Everybody freaks, certain that either the dead monkeys have infected them, or the crew carried the virus back despite Dr. Scott’s tests, or something else.  Dr. Scott assures them it is not the superbug, while Doc Rios arrives in full CBR gear, panicking everyone.  Tom Chandler errs on the side of caution and locks down the ship, putting everyone in CBR suits and shutting all the ventilation aboard down, which indicates to Rachel that he does not trust her.  Rios takes Danny’s blood for testing, and Kara arrives in the crew lounge with Danny, despite the lockdown.  Rumors abound, but it turns out that Danny only has dengue fever — which is bad, but not super-virus bad and not a danger to the crew.  Rachel goes back to testing, pissed at the skipper, the crew starts fracturing, and Chandler bitches out Kara.

The final straw is when 16 sailors — spurred on by Quincy — request to be released from the ship since their enlistments are technically up.  Should they let them go, or stop-loss them and keep them aboard against their wishes?  Chandler then has to face up to his decision-making over the last few days.  They gather the whole crew on the flight deck and he comes clean.  The skipper admits to screwing up, that he was wrong about the viral-testing process, wrong to get their hopes up, wrong to doubt Dr. Scott, etc., but he stresses that they still have the same mission and the crew deserves to know the true stakes and circumstances, even if it is not the news they’d like to hear.  He allows them to listen to some of the distress calls, then even lets the whole crew see the virology lab and hear about the painstakingly drawn-out process of vaccine testing that Dr. Scott has to go through.  Chandler also addresses the enlistment concerns, saying if those 16 want to leave, he won’t stop them, but he won’t ferry them home either.  If they want to leave, they have to leave the next day on one of the RHIBs.  Instead, all 16 re-enlist.  It ends with Danny on the mend, Kara standing extra watches for violating the lockdown, and Quincy losing his chess set for trying to incite mutiny.

The Goods:  Eric Dane, that’s some damn-fine acting.  Kudos.  The skipper is shown to be flawed, but he perseveres and actually turns his mistakes into strengths.  They stay the hell out of engineering (thank you).  They made the Sexy LTs bein’ all sexy together sub-plot semi-palatable and both LTs are shown to be high-schoolish idiots who deserve extra watches for the tediousness of their relationship.  They almost killed off Danny, which is not quite as good as killing off both Sexy LTs in a horrifying shark-jumping accident, but it’s better than nuthin’.  The plot also shows their mission somewhat losing ground, which is a nice dose of reality.  Science takes its time and takes a toll on everyone’s hopes and patience.  Use of Circle William as a Damage Control setting.  Here’s a big one:  enlisted personnel show up in this one and even get lines.  If there were a Bechdel test for enlisted personnel in a Navy show, it probably still wouldn’t pass, however, since all their conversations are directly about officers.  I loved the NO-SECRETS reveal of the lab and Dr. Scott’s talk.  And my favorite bit, other than Eric Dane this week, the show accurately portrayed the only documented phenomenon to move faster than the speed of light in a vacuum:  the velocity of a rumor aboard ship.  Crazy shit spreads through there like the world’s fastest and most error-prone game of “Telephone” ever devised.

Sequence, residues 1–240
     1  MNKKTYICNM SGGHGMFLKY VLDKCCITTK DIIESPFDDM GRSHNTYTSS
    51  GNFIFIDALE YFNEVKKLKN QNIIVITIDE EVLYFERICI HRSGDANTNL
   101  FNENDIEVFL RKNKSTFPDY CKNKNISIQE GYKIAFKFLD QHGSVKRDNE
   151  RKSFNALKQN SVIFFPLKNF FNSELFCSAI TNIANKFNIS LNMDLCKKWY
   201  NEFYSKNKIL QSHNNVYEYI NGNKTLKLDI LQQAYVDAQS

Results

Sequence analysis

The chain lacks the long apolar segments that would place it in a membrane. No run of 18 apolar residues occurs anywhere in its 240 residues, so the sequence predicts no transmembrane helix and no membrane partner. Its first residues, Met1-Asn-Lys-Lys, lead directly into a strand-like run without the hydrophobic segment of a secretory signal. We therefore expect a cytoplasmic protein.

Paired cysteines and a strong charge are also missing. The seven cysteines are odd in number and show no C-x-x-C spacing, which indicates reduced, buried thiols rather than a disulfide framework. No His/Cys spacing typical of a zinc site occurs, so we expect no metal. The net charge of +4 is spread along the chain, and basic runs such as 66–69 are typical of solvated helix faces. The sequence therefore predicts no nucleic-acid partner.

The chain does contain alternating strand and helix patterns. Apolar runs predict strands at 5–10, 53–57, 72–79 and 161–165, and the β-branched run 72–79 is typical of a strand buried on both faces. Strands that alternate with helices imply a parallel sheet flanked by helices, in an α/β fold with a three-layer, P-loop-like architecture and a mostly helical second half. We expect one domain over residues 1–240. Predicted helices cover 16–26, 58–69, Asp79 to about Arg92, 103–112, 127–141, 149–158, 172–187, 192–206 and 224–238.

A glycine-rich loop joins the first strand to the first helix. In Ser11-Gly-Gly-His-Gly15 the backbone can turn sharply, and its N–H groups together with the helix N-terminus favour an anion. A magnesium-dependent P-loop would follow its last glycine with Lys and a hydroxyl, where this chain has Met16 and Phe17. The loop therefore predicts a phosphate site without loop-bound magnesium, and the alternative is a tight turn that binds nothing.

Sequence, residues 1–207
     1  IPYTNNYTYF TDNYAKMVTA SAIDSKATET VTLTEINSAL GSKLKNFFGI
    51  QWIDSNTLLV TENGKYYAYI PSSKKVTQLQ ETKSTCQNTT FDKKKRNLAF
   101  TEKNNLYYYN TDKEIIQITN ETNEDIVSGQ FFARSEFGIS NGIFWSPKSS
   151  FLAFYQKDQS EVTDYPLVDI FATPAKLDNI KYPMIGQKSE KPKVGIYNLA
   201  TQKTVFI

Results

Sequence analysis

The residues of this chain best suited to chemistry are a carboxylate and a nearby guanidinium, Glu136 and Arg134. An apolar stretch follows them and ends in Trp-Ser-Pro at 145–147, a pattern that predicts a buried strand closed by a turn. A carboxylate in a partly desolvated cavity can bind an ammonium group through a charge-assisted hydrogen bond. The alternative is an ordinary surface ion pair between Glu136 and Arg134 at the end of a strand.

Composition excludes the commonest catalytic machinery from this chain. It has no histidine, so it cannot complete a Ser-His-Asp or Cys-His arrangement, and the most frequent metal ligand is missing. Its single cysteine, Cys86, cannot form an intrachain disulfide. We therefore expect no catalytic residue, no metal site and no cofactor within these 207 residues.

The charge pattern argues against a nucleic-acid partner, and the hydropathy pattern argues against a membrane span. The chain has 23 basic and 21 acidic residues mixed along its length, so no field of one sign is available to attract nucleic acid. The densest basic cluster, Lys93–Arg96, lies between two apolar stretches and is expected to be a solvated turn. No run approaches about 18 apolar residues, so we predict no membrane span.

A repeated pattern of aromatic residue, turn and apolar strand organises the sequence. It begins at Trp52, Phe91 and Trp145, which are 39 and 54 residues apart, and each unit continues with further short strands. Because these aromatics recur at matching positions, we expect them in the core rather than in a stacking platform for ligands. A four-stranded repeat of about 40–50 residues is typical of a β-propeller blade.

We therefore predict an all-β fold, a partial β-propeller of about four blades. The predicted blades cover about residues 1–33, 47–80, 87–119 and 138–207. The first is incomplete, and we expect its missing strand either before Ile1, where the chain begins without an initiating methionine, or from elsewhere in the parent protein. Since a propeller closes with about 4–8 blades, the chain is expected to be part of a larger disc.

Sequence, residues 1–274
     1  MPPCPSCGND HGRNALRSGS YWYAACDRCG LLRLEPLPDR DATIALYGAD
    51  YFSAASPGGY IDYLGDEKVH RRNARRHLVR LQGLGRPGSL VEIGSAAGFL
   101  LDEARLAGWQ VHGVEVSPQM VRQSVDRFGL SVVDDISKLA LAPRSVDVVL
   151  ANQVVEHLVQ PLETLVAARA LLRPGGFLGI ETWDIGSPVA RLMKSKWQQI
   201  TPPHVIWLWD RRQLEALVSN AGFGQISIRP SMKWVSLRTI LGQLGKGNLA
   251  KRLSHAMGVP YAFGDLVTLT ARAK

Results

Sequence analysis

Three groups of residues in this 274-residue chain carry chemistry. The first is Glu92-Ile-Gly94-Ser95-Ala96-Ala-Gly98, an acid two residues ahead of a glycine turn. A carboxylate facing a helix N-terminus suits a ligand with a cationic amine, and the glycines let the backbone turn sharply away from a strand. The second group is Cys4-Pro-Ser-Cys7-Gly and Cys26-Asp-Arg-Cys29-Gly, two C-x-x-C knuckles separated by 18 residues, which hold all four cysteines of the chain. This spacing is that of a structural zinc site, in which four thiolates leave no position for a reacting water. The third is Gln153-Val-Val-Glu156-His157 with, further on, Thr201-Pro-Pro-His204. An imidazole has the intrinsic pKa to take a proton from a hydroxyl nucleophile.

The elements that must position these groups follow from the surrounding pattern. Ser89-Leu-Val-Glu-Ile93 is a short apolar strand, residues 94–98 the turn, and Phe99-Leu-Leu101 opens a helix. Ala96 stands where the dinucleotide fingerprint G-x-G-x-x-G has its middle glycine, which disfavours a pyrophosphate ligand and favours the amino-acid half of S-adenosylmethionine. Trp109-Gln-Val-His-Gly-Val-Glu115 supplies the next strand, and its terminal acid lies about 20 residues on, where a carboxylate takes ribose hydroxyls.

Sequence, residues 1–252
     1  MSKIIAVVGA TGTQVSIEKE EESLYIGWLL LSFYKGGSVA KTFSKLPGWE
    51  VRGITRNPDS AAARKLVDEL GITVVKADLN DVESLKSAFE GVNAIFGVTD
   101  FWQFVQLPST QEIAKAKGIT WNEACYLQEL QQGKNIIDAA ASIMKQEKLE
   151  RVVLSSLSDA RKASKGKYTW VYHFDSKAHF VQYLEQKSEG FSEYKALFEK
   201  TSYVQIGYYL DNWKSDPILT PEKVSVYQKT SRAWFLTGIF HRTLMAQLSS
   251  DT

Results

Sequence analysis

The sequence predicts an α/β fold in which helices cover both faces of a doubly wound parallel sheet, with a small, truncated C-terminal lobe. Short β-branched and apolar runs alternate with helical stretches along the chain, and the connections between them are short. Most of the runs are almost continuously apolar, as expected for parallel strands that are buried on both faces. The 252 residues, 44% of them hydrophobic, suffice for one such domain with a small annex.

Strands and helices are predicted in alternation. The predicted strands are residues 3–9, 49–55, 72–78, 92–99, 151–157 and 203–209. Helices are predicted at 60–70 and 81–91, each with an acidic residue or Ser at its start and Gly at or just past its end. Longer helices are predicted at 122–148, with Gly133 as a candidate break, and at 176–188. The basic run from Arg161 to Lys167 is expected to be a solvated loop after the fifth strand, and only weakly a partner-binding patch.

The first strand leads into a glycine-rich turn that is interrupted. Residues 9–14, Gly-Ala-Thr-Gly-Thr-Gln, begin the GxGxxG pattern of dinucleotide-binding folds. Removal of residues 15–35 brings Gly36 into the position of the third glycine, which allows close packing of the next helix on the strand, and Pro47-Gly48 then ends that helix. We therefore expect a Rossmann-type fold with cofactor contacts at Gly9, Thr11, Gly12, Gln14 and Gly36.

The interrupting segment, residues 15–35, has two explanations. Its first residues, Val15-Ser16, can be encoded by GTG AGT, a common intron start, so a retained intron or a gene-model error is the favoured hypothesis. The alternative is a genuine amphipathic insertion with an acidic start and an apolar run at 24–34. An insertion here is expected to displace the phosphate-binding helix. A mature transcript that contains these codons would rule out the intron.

The Less Goods:  I think the actors portraying Danny and Kara are very pretty and talented at their craft, but their star-crossed tale still blows and brings the show down.  I foresee them getting back together STRONGER THAN EVAR after this.  If only dengue fever was communicable through stolen kisses, this shit would finally be over.  The show had some enlisted participation, but they essentially portrayed the panicked villagers in a Frankenstein movie, ready to burn down the castle and kill the monster they feared, only calming down when a wise officer counseled them.  Are there panicky, selfish sailors?  Of course, and that bottom 10% of your crew does indeed take up about 90% of your time with bullshit, but I would have loved to have seen a counterpoint to the 16 guys that wanted to abandon ship, some lower-ranked voice of reason telling them that they were being selfish, full of crap, and cowards about duty.  Also, I felt it was cheap when Bacon was so easily swayed by Quincy’s lies and twisted half-truths.  I know Bacon was freaked out by the rumor-mill, but he HAD TO KNOW Quincy was full of shite.  Final Less-Good:  not enough Adam Baldwin awesomeness.

Again, a win for the series, and a particularly good one for the whole cast, especially Eric Dane.  Thank you, Last Ship!

 

The Last Ship, Episode 5: “El Toro” Review

Thank the gods of action TV tropes!  This was not a groundbreaking episode, but it was a good ‘un, and a definite breath of fresher air after the implausible series nadir of last week.

Sorry (again) for being a day late.  My day/night job LOVES having me work Sundays lately, but that’s why God gave us the DVR (on the 8th day, I believe).  The bad part is when the elves that live within the DVR decide to cross the ‘trons and fail to save the episode for when you get off work at 4:30 AM.  Thus, I had to wait for that other heavenly miracle – the Amazon Instant stream today – to catch me up.  But caught up I am, and I’m much the happier for it.